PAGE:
Detractors of Zack Snyder’s most CGI-saturated films – for example, Sucker Punch – will no doubt be wondering how the man plans to handle the more unreal elements in Superman: Man of Steel (and more specifically, the gravity-defying, super strong, nigh-on invulnerable character of Superman).
Because Sucker Punch was just released, Zack Snyder has been talking left and right about the forthcoming Man of Steel and what he plans to do with it, going so far as to call it his “most realistic film” yet. Recently, Snyder discussed how he plans to handle the man of steel himself with regard to visual effects.
“Let me just say one thing about Superman – he can't do anything that's not a visual effect. He can walk around and talk, but if he's going to do something physical, that's a visual effect, because he's Superman.”
Snyder then compared his Superman to previous franchise outings:
"I think in the past people have tried to figure out how to do that with strings and putting cars on hydraulics and having him stand under it, but we're really trying to work on a way of doing this [with visual effects] that really makes that feel real. [We're] trying to understand the actual physics of what would have to happen for those things to happen. It just brings reality to that whole concept of picking up a car or whatever. That's gotta be completely based on reality."
Obviously, a film like Superman: Man of Steel can’t be made without visual effects, but I think the question is – does Superman himself have to be CGI? And if that answer is yes, then the question becomes – how much of Superman has to be CGI? How often throughout the film does the man himself (his head, his arms, his skin, his eyes, et cetera) have to be CGI?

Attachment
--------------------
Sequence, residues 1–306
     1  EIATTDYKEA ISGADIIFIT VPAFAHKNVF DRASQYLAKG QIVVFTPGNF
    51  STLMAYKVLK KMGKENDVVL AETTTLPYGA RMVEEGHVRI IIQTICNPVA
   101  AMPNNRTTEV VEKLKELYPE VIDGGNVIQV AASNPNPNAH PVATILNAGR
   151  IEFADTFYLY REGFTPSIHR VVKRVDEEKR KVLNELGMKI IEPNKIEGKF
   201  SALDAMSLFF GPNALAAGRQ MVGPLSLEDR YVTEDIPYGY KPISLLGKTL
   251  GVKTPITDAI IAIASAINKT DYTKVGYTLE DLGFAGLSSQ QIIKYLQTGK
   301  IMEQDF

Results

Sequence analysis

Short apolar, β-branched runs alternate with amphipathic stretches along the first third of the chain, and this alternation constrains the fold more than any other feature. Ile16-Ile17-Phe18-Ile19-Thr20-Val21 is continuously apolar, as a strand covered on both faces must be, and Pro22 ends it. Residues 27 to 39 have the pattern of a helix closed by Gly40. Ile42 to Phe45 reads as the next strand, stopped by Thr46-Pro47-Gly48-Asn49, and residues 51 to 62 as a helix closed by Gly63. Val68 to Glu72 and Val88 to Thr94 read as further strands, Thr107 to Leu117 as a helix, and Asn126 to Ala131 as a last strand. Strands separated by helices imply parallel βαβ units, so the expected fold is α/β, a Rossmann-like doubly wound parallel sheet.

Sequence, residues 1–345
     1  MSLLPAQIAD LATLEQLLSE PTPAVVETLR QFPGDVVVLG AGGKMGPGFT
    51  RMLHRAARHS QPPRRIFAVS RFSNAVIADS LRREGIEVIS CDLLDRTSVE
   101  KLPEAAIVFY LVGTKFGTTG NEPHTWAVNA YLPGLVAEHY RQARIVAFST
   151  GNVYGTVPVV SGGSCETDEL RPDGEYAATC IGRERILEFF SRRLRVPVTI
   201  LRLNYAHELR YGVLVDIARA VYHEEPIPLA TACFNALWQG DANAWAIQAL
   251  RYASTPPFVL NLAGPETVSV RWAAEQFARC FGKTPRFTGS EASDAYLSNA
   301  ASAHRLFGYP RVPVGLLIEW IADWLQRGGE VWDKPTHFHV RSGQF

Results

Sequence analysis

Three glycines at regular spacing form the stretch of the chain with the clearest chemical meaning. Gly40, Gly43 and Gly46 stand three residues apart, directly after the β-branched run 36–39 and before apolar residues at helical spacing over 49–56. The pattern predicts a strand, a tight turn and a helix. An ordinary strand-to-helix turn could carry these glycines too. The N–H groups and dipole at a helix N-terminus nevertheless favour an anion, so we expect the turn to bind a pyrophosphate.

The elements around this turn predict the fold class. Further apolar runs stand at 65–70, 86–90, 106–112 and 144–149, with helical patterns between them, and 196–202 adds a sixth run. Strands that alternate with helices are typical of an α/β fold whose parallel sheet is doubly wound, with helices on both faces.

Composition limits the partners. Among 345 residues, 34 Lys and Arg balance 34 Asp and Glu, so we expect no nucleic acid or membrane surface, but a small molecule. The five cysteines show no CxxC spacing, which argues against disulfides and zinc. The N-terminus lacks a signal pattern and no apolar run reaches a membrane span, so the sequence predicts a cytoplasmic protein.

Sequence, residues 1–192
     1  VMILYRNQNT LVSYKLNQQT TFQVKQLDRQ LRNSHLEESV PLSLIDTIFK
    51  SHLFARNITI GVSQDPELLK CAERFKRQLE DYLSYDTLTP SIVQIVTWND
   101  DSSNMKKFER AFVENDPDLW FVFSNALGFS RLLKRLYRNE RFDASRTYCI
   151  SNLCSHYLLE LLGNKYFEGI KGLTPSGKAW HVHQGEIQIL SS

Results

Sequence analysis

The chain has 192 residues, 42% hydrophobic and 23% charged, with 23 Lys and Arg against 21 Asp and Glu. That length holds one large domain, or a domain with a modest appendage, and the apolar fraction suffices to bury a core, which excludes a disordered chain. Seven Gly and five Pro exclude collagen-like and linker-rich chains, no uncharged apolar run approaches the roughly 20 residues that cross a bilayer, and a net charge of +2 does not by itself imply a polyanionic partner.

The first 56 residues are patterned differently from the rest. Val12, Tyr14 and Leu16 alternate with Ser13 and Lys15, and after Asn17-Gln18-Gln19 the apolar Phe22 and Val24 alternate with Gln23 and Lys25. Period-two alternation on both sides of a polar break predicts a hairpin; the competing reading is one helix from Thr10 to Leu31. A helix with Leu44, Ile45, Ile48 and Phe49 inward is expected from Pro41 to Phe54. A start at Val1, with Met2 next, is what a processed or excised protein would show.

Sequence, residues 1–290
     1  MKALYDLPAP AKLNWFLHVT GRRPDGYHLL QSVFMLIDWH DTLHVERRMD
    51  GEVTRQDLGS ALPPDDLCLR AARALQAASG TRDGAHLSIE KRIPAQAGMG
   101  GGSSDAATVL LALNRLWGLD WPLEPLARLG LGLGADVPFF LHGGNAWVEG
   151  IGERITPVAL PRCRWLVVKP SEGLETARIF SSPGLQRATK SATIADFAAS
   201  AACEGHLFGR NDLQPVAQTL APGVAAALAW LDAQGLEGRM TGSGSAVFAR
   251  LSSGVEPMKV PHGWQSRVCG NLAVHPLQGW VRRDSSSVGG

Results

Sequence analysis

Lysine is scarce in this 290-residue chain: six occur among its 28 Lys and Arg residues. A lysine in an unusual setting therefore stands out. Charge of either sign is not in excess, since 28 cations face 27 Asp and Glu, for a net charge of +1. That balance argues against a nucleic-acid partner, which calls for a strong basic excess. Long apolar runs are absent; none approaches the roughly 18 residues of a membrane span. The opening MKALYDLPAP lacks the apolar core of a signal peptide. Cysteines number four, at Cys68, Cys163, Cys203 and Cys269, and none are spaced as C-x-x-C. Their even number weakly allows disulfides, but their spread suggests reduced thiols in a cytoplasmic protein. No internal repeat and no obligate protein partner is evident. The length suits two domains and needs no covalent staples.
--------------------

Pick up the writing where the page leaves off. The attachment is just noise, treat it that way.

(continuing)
I’ll never forget how The Matrix Reloaded burly brawl devolved into a CGI-fest with pure videogame physics. Seriously, there was CG Neo, there were CG Agent Smiths -- even the cinematography was CGI. Suddenly, any and all consequence was jettisoned from the film. Instead of being impressed by the stunt work and choreography of the fight, all I could think was, “Wow, those animators sure did a … sub-par job, didn’t they?”
Check out the burly brawl (which starts out pretty swimmingly!) below:
The worry – or at least mine – is that this sort of thing could happen to Superman. I’m fine with whatever Superman is interacting with being entirely CGI - go ahead and computer-generate some cars for him to throw, or some monsters for him to punch, or some gigantic buildings for him to crash into. But I would like to see as much of the actual, real-life Henry Cavill as is possible, because I’ve yet to see an animator convincingly replicate a human being’s physical movements (let alone their eyeballs).
That said, as much as I was disappointed by Watchmen, the special effects were pretty convincing, so maybe Zack Snyder has it in him to do the same with Man of Steel.
Source: Cinema Spy
Superman header image by Jim Lee